Of the two, the Bottle O' Blues is certainly the better for harmonica - the 'bluesiest' sound by far. The Egg Static sound a bit 'tinny' in comparison (much more high frequencies). This can be compensated for through the amp, so it's not really that much of a drawback, but played one-against-one with no effects settings, the Bottle comes across as richer and grittier.

Curiousity got the better of me. I pried open both mics. The Bottle was sealed with some silicon caulking, so it came apart easily. I folded a small rectangle of foam filler (see photo, right)  and placed it in the cavity between the mic and the mouthpiece. It didn't affect the response significantly, but it seems to have helped stop any popping due to air (and possibly saliva) hitting the mic directly. The Egg however is different. The mic is lodged in a piece of foam which seems to be glued into the top of the tea strainer. Without cutting it out, I can't change the configuration. The top unscrewed easily, by the way, once I got it started.

Both these mics should be fairly easy to make at home - anyone with some competence in soldering should be able to buy the components and put them together. It's mostly a matter of selecting the proper microphone element (ceramic or dynamic) then wiring up an appropriate potentiometer and a jack, then placing it a suitable carrier. I can feel a winter project coming on... if you're keen on making one yourself, check Harmonica Typepad first for instructions and a component list.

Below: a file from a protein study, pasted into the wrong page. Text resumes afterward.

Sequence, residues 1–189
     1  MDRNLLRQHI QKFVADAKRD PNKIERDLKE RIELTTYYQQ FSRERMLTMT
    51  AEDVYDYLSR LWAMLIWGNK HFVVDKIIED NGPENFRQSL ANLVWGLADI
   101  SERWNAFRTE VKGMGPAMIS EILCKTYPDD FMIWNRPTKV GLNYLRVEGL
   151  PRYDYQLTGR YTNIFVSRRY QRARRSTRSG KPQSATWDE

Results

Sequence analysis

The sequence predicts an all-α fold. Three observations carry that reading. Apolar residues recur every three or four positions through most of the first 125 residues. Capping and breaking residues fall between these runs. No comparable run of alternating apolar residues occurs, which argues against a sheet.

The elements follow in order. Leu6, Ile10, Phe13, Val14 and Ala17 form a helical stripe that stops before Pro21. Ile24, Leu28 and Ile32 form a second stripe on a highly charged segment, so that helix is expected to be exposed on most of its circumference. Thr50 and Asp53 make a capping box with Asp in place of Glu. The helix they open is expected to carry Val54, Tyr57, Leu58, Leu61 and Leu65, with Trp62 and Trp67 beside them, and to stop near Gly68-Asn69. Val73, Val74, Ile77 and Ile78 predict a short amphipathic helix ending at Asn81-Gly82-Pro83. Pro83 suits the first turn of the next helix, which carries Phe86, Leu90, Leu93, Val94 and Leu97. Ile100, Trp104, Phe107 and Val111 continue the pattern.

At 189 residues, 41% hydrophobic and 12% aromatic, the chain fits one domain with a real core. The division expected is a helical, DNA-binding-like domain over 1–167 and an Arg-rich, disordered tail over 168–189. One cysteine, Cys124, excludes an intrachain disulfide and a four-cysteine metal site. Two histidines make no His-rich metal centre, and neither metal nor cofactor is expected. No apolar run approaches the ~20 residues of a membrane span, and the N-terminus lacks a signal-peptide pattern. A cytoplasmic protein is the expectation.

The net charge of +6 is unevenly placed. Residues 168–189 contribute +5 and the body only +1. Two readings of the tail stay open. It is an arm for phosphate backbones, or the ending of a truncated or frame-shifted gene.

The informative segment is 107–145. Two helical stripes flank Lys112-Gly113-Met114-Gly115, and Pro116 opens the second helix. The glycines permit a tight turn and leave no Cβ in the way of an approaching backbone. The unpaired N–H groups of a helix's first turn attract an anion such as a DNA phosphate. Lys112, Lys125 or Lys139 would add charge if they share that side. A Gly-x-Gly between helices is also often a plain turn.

I borrowed a Bullet mic clone from Blue Mountain Music to test and while it sounded good, I found it clunk, big and heavy. The Bottle still sounded better when compared one-on-one and is a whole lot easier to hold.

I was given a Shaker madcat microphone in late winter. I had read some good things about them and a member of the harp-l mailing list was kind enough to send me one to test (photo soon). It's a great design: small, ergonomic, easy to hold while you cup the harp. However, it's a very clean sound compared to the Bottle o Blues, so it doesn't suit everyone. I used my amp effects to muddy it a bit.

Because it's small, it's light, but I find my hands tend to curl and bring the mic very close, sometimes even touching the harp. That's probably fixed through more practice than a design flaw. The biggest flaw is the short cable. Not sure if it's standard, but mine had only a 2' cable, requiring me to get a connector to play it standing upright. That just adds another piece of hardware to get lost or disconnected.

I liked the Madcat design, and think the small size is terrific, but didn't think the sound was particularly outstanding for the harp, given the popularity of a muddier/hotter "Chicago style" sound. Frankly the Bottle o Blues mic still sounds better.

I've also read good things about the Audix Fireball and Harmonica Honker mics. Maybe I can test them in the near future.

Update: I've heard some good things from fellow harpists about the Honker. Emails I've received over the past few months have all spoken highly about it and its hot output. The Honker is also smaller than the Madcat and the ring design makes it easy to hold. I may have to get one myself in the near future to test.

MP3 samples at 160 kb/s: Shaker Madcat & Lee Oskar, Eggstatic Mic with Lee Oscar, Bottle O Blues mic with Lee Oskar . Sound samples courtesy of my longtime musician friend and music teacher, engineer and performer extraordinaire, Rick Garner.

Would I purchase another Bottle O' Blues? Yes.
Would I recommend them to others? Yes.
Rating (0-5)
: ***1/2

Would I purchase another Egg Static? Yes, if they had an amp with EQ settings to adjust for the higher frequencies.
Would I recommend them to others? With a volume control, not without.
Rating (0-5): ***

Would I purchase another Madcat? Yes.
Would I recommend them to others? Yes.
Rating (0-5)
: ***